In the patients in whom a unilateral thalamic tumor was diagnosed, 33 had an astrocytic tumor. Of the 54 patients, 32 had a low-grade and 22 had a high-grade tumor. The survival rate was significantly better for patients with the following characteristics: symptom duration longer than 2 months (p < 0.001), lesions with low-grade histological features (p = 0.003), and tumor excision greater than 90% at surgery (p = 0.04). The perioperative morbidity and mortality rates were 37 and 4%, respectively. Fifty-four percent of the patients in this group had a long-term and independent survival. The thalamopeduncular tumors were mostly pilocytic astrocytomas, which had a good prognosis following surgery. The bilateral thalamic tumors in this series were mainly low-grade astrocytic lesions, and more than half of the children attained long-term survival (mean follow-up duration 4.5 years).

Conclusions

The majority of tumors arising in the thalamus are astrocytic, of which less than half are high-grade lesions. Histological evaluations should be performed in all patients in whom resection is being considered for discrete lesions. Long-term survival is possible in patients with these tumors.

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Thomas Roujeau, Guilherme Machado, Matthew R. Garnett, Catherine Miquel, Stephanie Puget, Birgit Geoerger, Jacques Grill, Nathalie Boddaert, Federico Di Rocco, Michel Zerah, and Christian Sainte-Rose

Object

Empirical radiotherapy is the current treatment for children with diffuse pontine lesions that have imaging characteristics of an infiltrative malignant astrocytoma. The use of chemotherapeutic agents is, however, currently under investigation in the treatment of these tumors. To be included into a trial, patients need a definitive histological diagnosis. The authors present their prospective study of the stereotactic biopsy of these lesions during a 4-year period.

Methods

A suboccipital, transcerebellar approach was used to obtain biopsy samples in 24 children.

Results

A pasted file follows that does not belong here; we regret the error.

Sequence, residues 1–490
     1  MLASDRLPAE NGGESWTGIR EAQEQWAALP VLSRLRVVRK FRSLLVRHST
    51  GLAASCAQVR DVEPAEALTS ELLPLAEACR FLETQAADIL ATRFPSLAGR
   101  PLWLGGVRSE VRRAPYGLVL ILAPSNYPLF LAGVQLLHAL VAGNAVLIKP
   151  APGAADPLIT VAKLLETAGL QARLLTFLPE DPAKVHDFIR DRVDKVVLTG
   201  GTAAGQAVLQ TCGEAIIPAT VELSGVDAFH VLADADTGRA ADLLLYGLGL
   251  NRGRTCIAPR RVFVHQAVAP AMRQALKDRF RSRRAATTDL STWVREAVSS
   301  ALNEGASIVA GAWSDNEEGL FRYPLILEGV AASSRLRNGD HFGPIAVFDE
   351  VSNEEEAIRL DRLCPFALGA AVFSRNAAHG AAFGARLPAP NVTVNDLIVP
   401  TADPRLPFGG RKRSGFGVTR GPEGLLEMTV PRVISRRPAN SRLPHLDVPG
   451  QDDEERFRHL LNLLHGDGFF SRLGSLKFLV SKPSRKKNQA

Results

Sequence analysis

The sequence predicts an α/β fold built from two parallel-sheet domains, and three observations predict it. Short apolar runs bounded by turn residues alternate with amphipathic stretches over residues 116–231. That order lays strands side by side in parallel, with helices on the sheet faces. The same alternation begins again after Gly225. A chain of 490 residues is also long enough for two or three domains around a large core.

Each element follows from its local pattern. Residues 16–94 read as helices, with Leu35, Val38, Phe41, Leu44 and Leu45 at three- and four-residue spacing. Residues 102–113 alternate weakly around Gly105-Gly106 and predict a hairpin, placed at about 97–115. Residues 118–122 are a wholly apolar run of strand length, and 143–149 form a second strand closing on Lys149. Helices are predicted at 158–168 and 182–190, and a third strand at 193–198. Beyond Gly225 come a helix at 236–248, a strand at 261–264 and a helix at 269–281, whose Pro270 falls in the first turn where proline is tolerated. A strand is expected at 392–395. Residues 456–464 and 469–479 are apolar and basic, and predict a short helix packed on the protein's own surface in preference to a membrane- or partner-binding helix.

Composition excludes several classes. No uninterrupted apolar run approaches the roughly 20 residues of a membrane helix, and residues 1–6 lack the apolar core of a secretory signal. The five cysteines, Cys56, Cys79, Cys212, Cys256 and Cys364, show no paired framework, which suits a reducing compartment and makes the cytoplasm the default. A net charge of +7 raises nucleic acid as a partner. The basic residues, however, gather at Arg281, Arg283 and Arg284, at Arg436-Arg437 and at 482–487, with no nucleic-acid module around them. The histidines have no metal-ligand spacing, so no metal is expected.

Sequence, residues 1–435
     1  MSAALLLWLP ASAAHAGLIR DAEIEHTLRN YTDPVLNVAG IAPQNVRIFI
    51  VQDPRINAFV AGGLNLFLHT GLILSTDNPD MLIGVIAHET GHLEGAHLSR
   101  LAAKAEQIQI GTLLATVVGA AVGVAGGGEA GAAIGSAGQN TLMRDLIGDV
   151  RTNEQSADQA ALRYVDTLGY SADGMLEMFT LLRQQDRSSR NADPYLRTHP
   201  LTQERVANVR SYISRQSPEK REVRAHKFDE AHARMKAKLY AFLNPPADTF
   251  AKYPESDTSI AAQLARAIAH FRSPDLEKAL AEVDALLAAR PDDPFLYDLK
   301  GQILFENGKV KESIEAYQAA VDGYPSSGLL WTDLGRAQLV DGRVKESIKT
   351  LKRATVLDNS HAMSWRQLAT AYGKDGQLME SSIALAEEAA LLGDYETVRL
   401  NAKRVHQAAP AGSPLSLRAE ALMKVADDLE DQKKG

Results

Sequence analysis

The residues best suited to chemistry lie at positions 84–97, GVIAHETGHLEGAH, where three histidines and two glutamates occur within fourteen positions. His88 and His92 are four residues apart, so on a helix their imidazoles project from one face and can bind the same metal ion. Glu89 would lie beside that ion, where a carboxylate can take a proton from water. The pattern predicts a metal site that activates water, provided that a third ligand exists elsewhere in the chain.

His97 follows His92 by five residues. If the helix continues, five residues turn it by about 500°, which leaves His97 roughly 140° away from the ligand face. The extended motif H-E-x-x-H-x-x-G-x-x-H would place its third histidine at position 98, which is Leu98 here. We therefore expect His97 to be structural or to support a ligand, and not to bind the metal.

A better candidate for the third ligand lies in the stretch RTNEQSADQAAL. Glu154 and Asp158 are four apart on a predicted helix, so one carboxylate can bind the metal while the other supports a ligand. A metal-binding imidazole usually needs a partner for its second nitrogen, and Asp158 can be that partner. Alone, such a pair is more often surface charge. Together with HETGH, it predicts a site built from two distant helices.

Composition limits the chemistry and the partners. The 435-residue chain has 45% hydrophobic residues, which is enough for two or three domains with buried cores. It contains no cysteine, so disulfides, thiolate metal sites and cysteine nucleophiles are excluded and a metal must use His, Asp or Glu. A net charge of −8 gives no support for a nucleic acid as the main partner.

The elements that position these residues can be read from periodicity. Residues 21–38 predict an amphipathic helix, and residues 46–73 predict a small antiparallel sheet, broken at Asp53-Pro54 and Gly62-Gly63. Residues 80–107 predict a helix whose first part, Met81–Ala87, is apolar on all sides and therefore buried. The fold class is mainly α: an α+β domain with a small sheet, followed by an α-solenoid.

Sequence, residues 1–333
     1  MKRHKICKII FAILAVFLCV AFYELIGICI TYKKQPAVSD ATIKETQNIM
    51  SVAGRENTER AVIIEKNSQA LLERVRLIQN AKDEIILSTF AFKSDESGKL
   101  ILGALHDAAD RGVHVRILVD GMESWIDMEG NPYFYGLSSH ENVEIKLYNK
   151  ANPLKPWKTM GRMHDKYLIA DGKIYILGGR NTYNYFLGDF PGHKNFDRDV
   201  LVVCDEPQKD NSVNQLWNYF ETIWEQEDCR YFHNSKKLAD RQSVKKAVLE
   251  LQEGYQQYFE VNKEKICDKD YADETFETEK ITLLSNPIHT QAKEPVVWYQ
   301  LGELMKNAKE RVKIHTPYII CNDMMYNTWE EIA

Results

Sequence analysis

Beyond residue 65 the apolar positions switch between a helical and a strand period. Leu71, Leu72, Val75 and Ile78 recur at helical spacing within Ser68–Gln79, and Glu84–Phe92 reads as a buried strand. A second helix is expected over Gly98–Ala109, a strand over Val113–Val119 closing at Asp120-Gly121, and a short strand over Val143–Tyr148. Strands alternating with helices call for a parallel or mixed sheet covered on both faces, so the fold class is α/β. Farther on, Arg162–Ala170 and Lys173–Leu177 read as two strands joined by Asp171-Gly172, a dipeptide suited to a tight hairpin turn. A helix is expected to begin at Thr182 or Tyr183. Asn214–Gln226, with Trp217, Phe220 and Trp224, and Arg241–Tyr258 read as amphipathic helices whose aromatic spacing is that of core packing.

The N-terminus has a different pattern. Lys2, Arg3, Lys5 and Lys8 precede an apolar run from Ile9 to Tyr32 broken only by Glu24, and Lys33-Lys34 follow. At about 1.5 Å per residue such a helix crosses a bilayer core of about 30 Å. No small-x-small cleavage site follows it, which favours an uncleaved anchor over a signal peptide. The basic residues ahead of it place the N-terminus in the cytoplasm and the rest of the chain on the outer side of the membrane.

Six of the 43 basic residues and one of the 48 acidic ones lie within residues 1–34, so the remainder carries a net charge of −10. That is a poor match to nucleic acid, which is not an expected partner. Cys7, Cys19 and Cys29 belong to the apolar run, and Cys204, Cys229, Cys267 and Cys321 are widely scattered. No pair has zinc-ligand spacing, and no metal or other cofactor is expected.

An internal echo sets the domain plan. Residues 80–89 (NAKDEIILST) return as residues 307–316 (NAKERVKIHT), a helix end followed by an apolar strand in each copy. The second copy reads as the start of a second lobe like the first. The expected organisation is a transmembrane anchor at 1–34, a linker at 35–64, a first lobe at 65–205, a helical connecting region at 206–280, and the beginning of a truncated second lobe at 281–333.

Two patients suffered deficits. Both had a transient (< 2 months) new cranial nerve palsy; one of these patients also experienced an exacerbation of a preoperative hemiparesis. No patient died during the perioperative period. A histological diagnosis was made in all 24 patients as follows: 22 had a malignant infiltrative astrocytoma, one had a low-grade astrocytoma, and one had a pilocytic astrocytoma. The diagnosis of the latter two patients affected the initial treatment after the biopsy.

Conclusions

The findings of this study imply that stereotactic biopsy sampling of a diffuse pontine tumor is a safe procedure, is associated with minimal morbidity, and has a high diagnostic yield. A nonmalignant tumor was identified in two of the 24 patients in whom the imaging findings were characteristic of a malignant infiltrative astrocytoma. With the advent of new treatment protocols, stereotactic biopsy sampling, which would allow specific tumor characterization of diffuse pontine lesions, may become standard.

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Victoria Gonzalez, Laura Cif, Brigitte Biolsi, Sara Garcia-Ptacek, Anne Seychelles, Emily Sanrey, Irene Descours, Christine Coubes, Ana-Maria Ribeiro de Moura, Astrid Corlobe, Syril James, Thomas Roujeau, and Philippe Coubes

Object

To date, experience of globus pallidus internus (GPi) deep brain stimulation (DBS) in the treatment of Huntington's disease (HD) has been limited to a small number of case reports. The aim of this study was to analyze long-term motor outcome of a cohort of HD patients treated with GPi DBS.

Methods

Seven patients with pharmacologically resistant chorea and functional impairment were included in a prospective open-label study from 2008 to 2011. The main outcome measure was the motor section of the Unified Huntington's Disease Rating Scale. The primary end point was reduction of chorea.